Sunday, September 8, 2013

Trip to the Norman Rockwell Museum

I began painting at the age of nine. (Yep, that's me on the right.) At the time, I only knew of a hand full of contemporary illustrators. Norman Rockwell was perhaps the Illustrator I was most familiar with. Not only was I amazed by his talent, craftsmanship and storytelling ability but I could relate to much of his small town subject matter. For hours I used to pour over books with his artwork in it. I was around thirteen years old when I heard of his passing. I remembered thinking how sad the world would be with no new paintings from Norman Rockwell. As with a lot of my fellow illustrators the work of Norman Rockwell had a great impact on my work and from a very young age.
This Labor Day weekend I finally made my pilgrimage to the Norman Rockwell Museum. The Museum is nestled outside the small town of Stockbridge, MA in the picturesque Berkshires. While other small towns across the country have turned into strip malls of outlet stores, fast food shops and chain restaurant/bars, Stockbridge has retained it's small town New England integrity and charm.
I try to get out and visit art museums wherever I may roam. I've seen many originals from many from artists from throughout history. As I was driving to Stockbridge it occurred to me that I had never seen an original Rockwell painting. I was overwhelmed as soon as I walked in. I was familiar with nearly all of the paintings from the art books I had studied from my formative years. To see them up close and in person was a joy. However, I suddenly became "Sir" to the kind security folks at the Museum. "Sir please stay behind the ropes" Sir can you keep you hands away from the paintings". Had the ropes been electrified I'd have been slightly more consciences. But things being what they were,  I simply couldn't help myself.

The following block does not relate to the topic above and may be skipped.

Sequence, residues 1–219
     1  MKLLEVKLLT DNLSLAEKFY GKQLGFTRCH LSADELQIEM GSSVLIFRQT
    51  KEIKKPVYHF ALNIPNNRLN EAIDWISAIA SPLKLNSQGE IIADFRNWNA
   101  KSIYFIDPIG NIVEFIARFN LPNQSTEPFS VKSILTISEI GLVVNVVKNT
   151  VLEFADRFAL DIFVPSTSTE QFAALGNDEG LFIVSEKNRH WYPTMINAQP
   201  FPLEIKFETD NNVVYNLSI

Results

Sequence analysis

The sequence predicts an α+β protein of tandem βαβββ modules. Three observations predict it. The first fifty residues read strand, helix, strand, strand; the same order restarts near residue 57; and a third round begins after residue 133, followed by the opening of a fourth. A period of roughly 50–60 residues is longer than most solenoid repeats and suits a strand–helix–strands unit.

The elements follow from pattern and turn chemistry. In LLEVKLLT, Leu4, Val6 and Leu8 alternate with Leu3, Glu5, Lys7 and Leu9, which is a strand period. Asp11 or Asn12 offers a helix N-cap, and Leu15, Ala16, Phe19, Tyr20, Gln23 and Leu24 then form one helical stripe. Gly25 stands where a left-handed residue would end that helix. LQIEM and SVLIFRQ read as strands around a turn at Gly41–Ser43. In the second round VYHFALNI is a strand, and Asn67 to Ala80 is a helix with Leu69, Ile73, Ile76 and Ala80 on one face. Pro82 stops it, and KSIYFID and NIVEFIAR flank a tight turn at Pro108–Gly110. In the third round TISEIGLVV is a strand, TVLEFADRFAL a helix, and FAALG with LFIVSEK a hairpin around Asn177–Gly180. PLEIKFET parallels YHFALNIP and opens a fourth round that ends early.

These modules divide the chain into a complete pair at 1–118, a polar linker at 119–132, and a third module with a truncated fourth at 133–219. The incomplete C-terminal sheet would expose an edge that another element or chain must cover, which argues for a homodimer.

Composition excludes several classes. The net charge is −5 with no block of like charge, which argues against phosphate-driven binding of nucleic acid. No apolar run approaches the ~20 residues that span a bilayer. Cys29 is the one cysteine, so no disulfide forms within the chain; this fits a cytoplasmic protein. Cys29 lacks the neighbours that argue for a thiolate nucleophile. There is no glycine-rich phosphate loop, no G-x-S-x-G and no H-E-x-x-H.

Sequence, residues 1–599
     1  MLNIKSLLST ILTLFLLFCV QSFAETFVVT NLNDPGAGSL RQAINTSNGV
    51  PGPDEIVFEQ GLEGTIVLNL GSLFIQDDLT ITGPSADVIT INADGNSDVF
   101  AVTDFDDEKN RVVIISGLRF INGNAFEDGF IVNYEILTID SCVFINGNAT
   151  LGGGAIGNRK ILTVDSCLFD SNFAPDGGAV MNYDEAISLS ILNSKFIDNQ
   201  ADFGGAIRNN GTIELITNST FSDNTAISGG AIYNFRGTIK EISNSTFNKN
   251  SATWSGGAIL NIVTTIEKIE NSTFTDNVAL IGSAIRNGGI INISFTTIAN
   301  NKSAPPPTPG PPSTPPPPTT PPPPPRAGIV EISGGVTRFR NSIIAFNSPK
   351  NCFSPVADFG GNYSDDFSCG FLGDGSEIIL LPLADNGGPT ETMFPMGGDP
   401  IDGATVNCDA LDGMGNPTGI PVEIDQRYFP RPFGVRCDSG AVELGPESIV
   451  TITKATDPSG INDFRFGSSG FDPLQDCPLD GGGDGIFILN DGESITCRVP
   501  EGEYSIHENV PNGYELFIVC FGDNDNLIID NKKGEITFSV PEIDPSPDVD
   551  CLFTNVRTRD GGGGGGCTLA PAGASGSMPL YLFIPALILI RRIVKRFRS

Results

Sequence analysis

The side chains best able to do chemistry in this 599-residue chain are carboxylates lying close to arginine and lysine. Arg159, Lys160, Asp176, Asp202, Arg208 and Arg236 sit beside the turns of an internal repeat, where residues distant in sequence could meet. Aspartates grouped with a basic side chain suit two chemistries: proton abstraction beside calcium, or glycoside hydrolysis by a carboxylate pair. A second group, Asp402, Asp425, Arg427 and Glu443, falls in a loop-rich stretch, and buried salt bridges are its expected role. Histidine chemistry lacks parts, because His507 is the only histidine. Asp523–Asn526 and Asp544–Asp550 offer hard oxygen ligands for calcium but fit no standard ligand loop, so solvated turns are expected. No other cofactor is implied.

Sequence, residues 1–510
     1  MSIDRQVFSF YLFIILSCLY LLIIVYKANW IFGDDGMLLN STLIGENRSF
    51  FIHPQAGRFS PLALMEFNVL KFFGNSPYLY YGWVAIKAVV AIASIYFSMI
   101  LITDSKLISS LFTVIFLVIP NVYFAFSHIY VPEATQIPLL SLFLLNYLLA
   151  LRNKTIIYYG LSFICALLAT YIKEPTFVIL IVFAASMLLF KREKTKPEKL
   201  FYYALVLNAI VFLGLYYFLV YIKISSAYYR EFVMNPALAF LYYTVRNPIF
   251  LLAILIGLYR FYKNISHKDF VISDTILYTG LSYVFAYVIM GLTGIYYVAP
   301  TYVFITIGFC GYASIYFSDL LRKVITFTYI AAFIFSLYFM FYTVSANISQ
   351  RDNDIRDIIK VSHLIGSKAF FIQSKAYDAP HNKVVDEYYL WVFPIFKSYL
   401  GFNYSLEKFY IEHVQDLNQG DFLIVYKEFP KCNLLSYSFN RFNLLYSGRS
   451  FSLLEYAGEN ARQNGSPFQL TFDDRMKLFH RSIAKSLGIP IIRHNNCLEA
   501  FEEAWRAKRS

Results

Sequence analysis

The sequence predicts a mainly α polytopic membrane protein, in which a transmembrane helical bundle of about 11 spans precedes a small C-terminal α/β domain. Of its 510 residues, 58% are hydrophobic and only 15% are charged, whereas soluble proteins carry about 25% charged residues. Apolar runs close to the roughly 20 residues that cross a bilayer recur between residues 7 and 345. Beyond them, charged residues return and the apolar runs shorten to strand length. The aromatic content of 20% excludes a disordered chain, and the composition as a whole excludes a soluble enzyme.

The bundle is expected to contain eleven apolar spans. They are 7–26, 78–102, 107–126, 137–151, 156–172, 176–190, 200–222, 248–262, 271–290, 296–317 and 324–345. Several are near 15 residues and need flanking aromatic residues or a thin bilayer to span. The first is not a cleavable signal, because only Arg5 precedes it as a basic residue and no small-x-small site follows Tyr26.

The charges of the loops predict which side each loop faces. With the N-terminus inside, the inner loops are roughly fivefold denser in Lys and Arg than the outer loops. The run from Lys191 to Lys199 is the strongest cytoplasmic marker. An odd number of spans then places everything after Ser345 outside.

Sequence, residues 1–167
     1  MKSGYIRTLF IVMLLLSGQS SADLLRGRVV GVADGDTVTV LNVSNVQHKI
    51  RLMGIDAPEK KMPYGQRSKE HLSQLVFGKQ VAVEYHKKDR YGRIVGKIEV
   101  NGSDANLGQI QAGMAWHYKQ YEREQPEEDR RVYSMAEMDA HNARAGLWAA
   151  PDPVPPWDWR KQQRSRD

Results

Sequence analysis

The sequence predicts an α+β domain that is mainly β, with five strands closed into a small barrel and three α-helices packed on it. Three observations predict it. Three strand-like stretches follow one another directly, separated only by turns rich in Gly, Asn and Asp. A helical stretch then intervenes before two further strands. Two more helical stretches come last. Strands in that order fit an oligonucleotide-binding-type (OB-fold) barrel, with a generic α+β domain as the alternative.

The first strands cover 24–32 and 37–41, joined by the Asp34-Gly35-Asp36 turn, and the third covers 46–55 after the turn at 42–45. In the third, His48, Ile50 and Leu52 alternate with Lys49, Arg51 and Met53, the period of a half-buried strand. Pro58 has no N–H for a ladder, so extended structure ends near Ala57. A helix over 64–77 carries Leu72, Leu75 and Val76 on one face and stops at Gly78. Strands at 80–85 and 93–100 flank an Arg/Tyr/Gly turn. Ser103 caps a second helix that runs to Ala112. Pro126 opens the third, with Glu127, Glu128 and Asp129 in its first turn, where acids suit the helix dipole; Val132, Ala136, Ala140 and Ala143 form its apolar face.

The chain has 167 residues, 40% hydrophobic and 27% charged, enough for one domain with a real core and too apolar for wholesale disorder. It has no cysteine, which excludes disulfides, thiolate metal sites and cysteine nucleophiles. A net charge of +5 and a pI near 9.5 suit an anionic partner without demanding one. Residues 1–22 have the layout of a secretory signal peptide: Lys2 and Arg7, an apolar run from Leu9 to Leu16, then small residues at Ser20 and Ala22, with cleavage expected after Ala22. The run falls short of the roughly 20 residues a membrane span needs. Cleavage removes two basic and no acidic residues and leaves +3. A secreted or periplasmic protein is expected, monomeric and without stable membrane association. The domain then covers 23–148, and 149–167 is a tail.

Rockwell's, "The Four Freedom's" which were four paintings derived from the 1941 state of the Union Address by Franklin D. Roosevelt, were in a room all to themselves. The size of the paintings was imposing. I felt like I'd laid eyes on the Holy Grail complete with trumpets, angels singing and Terry Gilliam animation. It was an art religious experience.
Rockwell's Studio was relocated to the grounds behind the Museum in 1986. Originally the studio has been left the way it was when Rockwell died in 1978 at the age of 84. Later it was changed to a 1960s state. Seeing the workspace of other artists always intrigues me, as well. In Rockwell's Triple Self Portrait there is a helmet on top of his easel. That helmet is still on the easel. There is also a bent-up ash can next to the easel where he, no doubt, emptied his pipe. It too is still there. Last but not least was the that pipe. That crazy iconic pipe.
If you are ever in the Stockbridge, MA area, do yourself a favor and make the trip to the Norman Rockwell Museum.

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